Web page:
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Sportoletti Assisi Rosso 2015
Blend: 50% Sangiovese, 30% Merlot, 20% Cabernet Sauvignon
Today the company owns 50 acres of vines all situated in the hills of Assisi and Spello, an area highly regarded for its climate and for its association with the Denominazione di Origine Controllata of Assisi.
Recently, Sportoletti went through a process of renewing the vines with new grape clones of Grechetto and Chardonnay, Sauvignon Blanc, Merlot, Cabernet Sauvignon and Pinot Nero which is showing very promising results in Italian Oenology.
The vines are followed very attentively up to their harvest, when the grapes are handpicked. The same care is taken in the cellar where the vinification takes place utilizing an air press for a soft pressing. Vinification is carried out in temperature controlled stainless steel tanks and the best reds are refined in French oak. In the last few years the prominent enologist Riccardo Cotarella has consulted with the winery.
The Sportoletti brothers also own 3,000 olive trees on land that is 1,600 feet in altitude, on the slope of the Monte Subasio.
Centered upon the lush Apennine Range in the center if the Italian peninsula, Umbria is one of the few completely landlocked regions in Italy. It’s star red grape variety, Sagrantino, finds its mecca around the striking, hilltop village of Montefalco. The resulting wine, Sagrantino di Montefalco, is an age-worthy, brawny, brambly red, bursting with jammy, blackberry fruit and earthy, pine forest aromas. By law this classified wine has to be aged over three years before it can be released from the winery and Sagrantino often needs a good 5-10 more years in bottle before it reaches its peak. Incidentally these wines often fall under the radar in the scene of high-end, age-begging, Italian reds, giving them an almost cult-classic appeal. They are undoubtedly worth the wait!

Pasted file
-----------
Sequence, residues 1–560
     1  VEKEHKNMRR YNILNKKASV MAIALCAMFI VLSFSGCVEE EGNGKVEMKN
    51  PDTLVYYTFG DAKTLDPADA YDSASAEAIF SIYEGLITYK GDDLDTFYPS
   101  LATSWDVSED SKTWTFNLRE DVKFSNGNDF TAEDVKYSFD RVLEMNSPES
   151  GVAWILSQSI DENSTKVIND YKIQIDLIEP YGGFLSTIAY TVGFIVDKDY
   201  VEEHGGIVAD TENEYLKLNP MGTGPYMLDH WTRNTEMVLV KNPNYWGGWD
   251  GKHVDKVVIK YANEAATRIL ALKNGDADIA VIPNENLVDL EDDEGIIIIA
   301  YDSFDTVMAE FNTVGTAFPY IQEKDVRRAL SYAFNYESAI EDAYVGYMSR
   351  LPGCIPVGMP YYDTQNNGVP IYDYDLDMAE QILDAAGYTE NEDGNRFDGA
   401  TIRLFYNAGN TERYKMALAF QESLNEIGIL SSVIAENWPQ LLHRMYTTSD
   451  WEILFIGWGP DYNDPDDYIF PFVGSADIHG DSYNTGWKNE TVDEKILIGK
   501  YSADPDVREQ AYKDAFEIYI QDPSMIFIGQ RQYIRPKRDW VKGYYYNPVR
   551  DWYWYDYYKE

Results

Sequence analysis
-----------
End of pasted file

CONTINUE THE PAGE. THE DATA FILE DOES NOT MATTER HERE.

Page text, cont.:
Rosso di Montefalco, on the other had, is composed mainly of Sangiovese and is a more fruit-driven, quaffable wine to enjoy while waiting for the Sagrantinos to mellow out.
Among its green mountains, perched upon a high cliff in the province of Terni, sits the town of Orvieto. Orvieto, the wine, is a blend of at least 60% Trebbiano in combination with Grechetto, with the possible addition of other local white varieties. Orvieto is the center of Umbria’s white wine production—and anchor of the region’s entire wine scene—producing over two thirds of Umbria’s wine. A great Orvieto will have clean aromas and flavors of green apple, melon and citrus, and have a crisp, mineral-dominant finish.
Big, bold and modern in style, Tuscan Blends can be composed solely of international grape varieties or a mix of international and indigenous. Cabernet Sauvignon, Merlot, Cabernet Franc and Syrah, are some of the most popular ones. They all marry with Sangiovese very well, or can be blended together without Sangiovese, or even made into single varietal bottlings!
Where did the idea come from? In the 1970s a few Tuscan winemakers had become disenchanted with Italian winemaking laws and decided to retaliate and get creative. They started making wine solely from these international grapes or adding them to Sangiovese, in differing proportions, with amazing success—and the phenomenon was born.
The most famous and revered Tuscan Blends from Italy are called “Super Tuscans.” One of the most well-known, ‘Tignanello,’ created by Antinori in 1971, is a blend of 80% Sangiovese, 15% Cabernet Sauvignon and 5% Cabernet Franc.
Ornellaia, established by Marchesi Lodovico Antinori in 1981, with the help of renowned agronomist Andre Tchelistcheff, remains a stellar example today; since 2002 Marchesi de' Frescobaldi has been the sole owner. It is typically a blend of about half Cabernet Sauvignon, a third Merlot and the rest filled in with Cabernet Franc and Petit Verdot.
Sassicaia, another, has earned itself an extraordinary reputation and global esteem, so much so that the Sassicaia property was actually awarded its very own appellation with the 1994 vintage. It is typically 85% Cabernet Sauvignon and 15% Cabernet Franc.